Skip Navigation

ORAU History - 1955

Former First Lady Eleanor Roosevelt visited the ORINS Medical Division in February of 1955 where she met Chief of Hematology Dr. Gould Andrews (far left) and ORINS Executive Director Dr. William G. Pollard (far right).

In May 1955, the Special Training Division (now known as Professional Training Programs) offered the first special basic radioisotope course for foreign nationals as part of President Dwight Eisenhower’s “Atoms for Peace” program, established to share the peaceful atom with other countries.

With grants from the National Science Foundation, the Special Training Division began offering the Summer Institute for Secondary-School Teachers in August of 1955. Approximately 48 teachers attended that first year.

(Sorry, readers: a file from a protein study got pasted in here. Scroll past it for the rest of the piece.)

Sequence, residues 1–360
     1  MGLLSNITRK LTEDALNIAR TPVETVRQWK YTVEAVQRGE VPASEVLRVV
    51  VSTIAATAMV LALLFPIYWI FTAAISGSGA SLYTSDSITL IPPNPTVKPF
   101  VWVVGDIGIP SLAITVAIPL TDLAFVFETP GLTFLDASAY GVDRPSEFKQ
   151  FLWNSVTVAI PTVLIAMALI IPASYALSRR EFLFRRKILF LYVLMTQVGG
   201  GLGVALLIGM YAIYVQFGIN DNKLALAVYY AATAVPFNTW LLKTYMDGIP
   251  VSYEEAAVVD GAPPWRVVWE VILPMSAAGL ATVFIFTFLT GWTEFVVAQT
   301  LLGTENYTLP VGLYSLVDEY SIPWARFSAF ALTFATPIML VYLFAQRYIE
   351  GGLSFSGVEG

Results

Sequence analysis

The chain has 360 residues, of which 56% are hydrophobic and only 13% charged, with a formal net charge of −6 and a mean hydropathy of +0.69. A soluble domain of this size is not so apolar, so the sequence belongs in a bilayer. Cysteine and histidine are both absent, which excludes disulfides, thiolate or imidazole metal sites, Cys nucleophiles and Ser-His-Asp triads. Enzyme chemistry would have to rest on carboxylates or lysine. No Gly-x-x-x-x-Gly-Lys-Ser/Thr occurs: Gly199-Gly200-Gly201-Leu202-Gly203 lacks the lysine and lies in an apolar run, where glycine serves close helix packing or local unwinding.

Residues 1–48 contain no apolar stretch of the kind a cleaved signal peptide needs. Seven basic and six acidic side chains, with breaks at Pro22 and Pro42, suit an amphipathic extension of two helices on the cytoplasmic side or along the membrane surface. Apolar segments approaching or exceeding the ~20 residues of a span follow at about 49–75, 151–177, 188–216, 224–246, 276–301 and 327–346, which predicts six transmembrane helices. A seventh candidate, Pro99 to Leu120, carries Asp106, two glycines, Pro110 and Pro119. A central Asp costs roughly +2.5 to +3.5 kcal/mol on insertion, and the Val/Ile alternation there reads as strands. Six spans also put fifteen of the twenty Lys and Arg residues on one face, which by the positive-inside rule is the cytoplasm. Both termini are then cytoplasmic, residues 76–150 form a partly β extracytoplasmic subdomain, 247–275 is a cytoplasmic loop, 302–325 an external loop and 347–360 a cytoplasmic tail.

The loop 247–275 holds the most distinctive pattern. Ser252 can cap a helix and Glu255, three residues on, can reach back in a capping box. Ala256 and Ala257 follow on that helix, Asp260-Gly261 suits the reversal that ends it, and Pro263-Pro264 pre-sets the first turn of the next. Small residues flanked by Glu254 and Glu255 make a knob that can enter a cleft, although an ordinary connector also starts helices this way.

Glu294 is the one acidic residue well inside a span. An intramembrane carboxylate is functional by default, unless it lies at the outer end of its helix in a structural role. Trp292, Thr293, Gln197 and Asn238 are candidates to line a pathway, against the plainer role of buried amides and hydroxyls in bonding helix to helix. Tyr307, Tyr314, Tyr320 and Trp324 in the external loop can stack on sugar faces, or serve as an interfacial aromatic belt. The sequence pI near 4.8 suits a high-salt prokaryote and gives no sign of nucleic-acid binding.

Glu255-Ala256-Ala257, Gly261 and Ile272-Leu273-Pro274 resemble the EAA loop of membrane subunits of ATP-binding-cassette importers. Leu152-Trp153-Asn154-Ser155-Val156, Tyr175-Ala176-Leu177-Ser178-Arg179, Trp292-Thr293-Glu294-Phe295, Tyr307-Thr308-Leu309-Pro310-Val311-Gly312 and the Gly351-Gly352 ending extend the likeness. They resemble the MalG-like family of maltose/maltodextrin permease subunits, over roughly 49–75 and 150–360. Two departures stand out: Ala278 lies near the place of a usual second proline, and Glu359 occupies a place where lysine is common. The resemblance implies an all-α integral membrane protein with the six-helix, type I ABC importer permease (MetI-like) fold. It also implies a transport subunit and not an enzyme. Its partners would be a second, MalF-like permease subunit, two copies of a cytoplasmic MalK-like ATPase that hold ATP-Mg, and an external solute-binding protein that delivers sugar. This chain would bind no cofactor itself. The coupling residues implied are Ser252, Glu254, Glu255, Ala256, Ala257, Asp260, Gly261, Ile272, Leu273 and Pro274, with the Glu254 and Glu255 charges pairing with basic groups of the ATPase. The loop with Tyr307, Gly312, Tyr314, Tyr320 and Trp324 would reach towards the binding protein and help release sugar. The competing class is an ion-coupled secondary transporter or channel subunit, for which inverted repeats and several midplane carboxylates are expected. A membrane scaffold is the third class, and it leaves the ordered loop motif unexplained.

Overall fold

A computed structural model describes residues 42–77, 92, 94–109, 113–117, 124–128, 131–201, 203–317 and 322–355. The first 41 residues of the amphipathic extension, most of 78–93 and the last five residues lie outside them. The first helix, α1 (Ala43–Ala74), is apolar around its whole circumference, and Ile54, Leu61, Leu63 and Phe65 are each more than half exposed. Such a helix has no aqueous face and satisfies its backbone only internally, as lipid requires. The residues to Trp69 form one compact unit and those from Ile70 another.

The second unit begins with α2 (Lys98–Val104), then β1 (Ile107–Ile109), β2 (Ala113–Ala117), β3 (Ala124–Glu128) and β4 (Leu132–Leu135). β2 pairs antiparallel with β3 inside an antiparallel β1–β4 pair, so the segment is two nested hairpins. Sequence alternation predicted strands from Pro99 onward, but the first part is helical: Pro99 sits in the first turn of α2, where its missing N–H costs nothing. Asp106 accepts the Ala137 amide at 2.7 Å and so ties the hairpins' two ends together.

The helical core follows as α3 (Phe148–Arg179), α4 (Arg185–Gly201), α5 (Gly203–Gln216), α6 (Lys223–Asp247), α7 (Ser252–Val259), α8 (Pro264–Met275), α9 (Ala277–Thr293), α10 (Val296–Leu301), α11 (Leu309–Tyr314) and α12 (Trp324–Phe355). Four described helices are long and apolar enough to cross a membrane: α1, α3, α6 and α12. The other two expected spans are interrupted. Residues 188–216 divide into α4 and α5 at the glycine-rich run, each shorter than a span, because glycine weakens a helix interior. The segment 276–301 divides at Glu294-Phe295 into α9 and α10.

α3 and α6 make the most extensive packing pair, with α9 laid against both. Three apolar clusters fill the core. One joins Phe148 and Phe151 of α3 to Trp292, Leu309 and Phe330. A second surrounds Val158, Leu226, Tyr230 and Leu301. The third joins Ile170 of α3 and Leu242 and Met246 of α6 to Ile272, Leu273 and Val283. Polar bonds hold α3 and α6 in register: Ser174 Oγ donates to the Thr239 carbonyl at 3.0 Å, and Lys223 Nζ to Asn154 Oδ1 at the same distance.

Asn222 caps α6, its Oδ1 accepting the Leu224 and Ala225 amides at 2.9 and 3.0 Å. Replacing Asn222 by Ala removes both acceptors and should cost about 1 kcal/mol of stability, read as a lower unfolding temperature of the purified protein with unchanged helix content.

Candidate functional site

At the annual meeting of the Oak Ridge Institute of Nuclear Studies (ORINS) Council in 1955, the decision was made to lease land in Oak Ridge, with an option to buy, for the purpose of building permanent headquarters.

In 1955, the Medical Division’s Teletherapy Evaluation Program received a kilocurie cesium-137 teletherapy machine. This device permitted irradiation of a specified area of diseased tissue with less harm to healthy tissue. That same year, the Medical Division undertook the coordination of a new study—the methods of measuring the amount of radioiodine absorbed by the human thyroid gland.

Charles G. Wilder, chairman of the ORINS Museum Division, stands beside one of the walkthrough, van-type mobile Atoms for Peace traveling exhibits that began touring the nation in the mid 1950s.